If we did all of the things we are capable of, we would astound ourselves.
Innovation is a complex game. Many inventions are only great if they come at the right time, are executed by the right people, and perhaps get wind in their sails from the right type of economy. A recent Harvard Business Review article on why German companies are so innovative tells only part of the story.
First, Germany makes things, just as we do in the United States, but Germany has an even greater focus on manufacturing. This is critical if you are going to apply technologies to the marketplace. The act of making a product simply puts innovation closer the things that customers use. Manufacturing is inherently innovative — requiring science, technology, skill, and trial and error.
Second, half of Germany’s economy is reliant on exporting. It is a fact that the more you export, the more you innovate. You have to constantly adapt your product or service to new markets and customers, who help provide feedback and require customization.
Third, innovations can only be applied if there is a marketplace in which to connect them to the world. I would argue that without the unrelenting innovation of the American capitalist system, there would be less motivation to innovate and little capital for the research, development and application of new technologies. Without venture capital, few technologies take flight.
Finally, while technical institutes like Fraunhofer (see their 11 basic principles here) and EWI (our own successful version of this model founded right here in Columbus) are wildly impressive, they first require basic research. That research is often conducted at American research universities, such as The Ohio State University, and by government sponsored research at the NSF or private organizations such as Battelle. Without this basic research there would be no Internet, and far fewer medical and industrial breakthroughs that have led millions out of poverty and to a better, more productive life.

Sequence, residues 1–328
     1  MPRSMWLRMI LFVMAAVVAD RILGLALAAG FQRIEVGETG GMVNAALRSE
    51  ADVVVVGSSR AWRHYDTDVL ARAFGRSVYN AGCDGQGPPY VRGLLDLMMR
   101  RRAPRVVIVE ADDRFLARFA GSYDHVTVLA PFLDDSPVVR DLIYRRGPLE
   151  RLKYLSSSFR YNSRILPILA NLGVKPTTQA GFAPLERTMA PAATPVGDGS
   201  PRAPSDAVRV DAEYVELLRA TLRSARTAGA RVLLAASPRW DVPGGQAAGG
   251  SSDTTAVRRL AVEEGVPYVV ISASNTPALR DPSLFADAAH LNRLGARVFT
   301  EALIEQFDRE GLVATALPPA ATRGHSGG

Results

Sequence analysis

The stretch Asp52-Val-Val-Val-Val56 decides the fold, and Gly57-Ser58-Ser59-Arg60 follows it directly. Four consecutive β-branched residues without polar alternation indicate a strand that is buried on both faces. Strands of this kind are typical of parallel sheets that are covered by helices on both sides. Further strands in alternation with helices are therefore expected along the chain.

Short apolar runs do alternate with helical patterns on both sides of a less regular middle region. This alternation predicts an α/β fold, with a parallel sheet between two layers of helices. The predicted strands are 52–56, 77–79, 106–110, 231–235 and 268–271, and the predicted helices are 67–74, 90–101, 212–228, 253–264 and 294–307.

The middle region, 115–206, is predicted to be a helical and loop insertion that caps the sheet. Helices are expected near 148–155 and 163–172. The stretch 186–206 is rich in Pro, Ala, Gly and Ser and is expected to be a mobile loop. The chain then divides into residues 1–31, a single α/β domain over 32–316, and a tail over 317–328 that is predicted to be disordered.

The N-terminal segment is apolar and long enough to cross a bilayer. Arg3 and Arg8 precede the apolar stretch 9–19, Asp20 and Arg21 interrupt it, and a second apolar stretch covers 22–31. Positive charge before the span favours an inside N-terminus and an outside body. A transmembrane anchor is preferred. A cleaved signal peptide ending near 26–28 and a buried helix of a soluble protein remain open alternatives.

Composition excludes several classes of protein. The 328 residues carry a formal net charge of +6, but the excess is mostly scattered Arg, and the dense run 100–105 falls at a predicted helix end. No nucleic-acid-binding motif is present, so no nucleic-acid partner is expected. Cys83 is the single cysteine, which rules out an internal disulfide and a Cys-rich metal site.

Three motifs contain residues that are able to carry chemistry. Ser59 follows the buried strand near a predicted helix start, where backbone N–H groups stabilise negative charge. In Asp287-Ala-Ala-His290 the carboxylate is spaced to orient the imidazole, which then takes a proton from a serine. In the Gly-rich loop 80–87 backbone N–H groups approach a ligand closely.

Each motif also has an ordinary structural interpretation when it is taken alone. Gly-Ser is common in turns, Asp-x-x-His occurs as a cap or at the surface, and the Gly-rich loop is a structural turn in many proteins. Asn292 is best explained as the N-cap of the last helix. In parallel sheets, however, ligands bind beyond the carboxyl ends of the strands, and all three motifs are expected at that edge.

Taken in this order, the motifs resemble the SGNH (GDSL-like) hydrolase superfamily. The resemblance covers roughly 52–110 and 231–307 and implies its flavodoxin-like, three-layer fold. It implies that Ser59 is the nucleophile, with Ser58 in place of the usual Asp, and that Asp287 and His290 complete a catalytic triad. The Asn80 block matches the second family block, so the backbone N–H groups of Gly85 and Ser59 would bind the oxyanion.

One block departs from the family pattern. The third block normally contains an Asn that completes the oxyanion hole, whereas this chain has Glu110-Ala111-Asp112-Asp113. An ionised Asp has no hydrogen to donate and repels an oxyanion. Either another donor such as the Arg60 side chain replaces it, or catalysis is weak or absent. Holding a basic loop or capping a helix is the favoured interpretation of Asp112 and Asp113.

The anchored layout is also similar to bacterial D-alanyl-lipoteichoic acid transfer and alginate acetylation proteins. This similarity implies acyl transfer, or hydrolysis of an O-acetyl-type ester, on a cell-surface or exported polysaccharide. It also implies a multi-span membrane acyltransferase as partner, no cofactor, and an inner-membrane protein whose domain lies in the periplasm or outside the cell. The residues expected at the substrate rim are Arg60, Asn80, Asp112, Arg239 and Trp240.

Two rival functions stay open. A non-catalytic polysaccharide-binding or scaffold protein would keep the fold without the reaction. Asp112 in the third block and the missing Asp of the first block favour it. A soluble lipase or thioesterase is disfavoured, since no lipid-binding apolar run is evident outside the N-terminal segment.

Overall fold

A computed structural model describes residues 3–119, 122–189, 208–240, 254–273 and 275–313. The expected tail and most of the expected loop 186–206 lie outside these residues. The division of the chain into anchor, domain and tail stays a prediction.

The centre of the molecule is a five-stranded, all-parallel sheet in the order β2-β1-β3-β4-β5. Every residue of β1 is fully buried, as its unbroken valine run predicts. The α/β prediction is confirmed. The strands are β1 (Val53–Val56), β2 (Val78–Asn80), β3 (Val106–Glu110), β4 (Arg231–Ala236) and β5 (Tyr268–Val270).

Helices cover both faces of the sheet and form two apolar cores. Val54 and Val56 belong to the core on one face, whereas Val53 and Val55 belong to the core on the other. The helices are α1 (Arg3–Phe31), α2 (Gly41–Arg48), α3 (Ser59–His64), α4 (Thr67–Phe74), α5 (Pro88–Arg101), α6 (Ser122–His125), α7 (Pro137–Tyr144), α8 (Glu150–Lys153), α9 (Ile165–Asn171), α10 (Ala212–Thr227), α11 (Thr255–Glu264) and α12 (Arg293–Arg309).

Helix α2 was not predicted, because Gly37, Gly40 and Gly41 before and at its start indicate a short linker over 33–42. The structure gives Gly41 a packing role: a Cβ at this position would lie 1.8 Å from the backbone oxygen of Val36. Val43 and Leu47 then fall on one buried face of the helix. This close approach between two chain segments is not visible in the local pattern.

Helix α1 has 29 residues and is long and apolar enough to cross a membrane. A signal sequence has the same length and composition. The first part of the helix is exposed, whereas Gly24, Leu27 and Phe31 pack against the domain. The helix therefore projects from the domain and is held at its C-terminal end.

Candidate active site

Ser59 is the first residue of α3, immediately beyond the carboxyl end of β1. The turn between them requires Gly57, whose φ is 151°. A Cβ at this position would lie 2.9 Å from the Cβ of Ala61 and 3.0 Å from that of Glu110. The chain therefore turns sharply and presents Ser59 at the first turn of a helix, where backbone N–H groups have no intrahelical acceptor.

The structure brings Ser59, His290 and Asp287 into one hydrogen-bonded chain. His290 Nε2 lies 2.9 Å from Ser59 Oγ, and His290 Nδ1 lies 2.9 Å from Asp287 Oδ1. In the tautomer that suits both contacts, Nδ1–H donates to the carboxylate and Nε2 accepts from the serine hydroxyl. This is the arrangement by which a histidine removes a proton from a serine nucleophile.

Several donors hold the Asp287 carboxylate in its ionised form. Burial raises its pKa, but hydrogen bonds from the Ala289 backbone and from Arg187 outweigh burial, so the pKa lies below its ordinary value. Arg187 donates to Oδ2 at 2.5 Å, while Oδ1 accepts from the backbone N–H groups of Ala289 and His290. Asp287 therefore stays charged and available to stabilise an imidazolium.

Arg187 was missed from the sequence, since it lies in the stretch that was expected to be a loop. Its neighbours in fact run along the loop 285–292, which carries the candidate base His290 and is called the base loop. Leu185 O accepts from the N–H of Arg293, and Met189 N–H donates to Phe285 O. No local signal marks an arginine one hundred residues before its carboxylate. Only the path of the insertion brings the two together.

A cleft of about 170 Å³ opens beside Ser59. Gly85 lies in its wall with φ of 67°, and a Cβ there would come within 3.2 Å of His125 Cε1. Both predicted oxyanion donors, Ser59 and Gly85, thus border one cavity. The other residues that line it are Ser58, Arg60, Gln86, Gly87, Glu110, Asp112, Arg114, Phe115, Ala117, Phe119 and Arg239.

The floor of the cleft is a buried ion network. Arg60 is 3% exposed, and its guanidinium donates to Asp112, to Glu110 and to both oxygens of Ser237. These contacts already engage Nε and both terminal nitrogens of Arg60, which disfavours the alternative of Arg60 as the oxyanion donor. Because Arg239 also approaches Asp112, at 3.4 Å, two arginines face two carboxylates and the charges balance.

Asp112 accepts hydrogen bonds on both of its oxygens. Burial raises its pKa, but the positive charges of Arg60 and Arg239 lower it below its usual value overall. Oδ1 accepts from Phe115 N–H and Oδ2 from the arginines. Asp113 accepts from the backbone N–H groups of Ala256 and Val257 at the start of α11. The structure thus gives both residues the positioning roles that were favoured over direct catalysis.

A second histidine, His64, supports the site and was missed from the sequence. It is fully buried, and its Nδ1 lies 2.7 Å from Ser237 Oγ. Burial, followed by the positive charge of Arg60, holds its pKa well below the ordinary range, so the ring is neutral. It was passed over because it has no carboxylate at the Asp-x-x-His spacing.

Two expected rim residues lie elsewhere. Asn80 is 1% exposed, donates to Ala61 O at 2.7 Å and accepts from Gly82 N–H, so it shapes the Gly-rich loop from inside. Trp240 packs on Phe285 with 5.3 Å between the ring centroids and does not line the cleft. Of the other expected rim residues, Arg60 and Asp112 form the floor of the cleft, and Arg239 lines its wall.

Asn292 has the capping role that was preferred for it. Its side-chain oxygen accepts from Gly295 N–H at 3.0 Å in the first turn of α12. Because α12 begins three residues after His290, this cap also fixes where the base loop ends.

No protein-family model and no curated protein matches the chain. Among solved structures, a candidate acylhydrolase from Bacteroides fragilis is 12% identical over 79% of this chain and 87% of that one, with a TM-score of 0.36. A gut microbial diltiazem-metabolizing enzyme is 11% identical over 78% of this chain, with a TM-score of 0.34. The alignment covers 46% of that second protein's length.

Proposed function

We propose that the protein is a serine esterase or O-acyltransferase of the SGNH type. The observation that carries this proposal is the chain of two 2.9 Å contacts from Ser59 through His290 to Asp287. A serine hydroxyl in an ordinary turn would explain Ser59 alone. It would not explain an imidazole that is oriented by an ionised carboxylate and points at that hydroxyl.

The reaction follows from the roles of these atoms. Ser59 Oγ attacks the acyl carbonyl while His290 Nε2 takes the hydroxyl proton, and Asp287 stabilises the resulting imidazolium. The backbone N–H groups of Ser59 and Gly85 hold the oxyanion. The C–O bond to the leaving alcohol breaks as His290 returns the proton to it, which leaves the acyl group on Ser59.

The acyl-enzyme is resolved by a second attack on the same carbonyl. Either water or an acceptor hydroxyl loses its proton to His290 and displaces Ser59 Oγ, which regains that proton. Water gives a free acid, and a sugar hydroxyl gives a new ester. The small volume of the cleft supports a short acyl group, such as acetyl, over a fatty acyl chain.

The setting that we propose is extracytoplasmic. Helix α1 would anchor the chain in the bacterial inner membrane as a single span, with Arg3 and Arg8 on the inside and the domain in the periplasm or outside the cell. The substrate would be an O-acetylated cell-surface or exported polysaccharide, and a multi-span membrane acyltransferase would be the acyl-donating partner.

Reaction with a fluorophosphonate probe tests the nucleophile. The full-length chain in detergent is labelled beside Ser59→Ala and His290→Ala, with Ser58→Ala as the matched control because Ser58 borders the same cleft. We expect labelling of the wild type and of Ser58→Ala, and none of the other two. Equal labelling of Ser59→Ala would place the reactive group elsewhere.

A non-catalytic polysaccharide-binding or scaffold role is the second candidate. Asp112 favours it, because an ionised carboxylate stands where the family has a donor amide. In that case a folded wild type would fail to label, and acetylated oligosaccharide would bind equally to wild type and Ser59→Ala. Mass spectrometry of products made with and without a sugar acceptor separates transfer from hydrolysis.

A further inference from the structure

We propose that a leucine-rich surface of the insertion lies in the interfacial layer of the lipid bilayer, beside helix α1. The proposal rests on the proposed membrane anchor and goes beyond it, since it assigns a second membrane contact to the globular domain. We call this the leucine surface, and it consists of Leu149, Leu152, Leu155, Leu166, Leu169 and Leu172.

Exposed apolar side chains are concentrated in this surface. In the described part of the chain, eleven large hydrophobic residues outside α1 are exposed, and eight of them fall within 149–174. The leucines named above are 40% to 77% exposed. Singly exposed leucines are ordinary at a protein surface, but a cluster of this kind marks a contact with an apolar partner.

We can learn from Germany’s model, and we can accelerate our own cycles of innovation, but none of us can do it alone.
One Columbus Update
- Our team continues to travel to the world to uncover opportunities for the Columbus Region. We just returned from a business development mission in the U.K., and we’re now in Japan on a business development mission with partners from the City of Dublin.
- Mark your calendars for the first annual Trust Belt Conference, which will be held in Columbus May 31-June 3. Over three days, governors, mayors, university presidents and Fortune 500 CEOs who are leading Midwest communities and companies will come together to tell their story of economic transformation.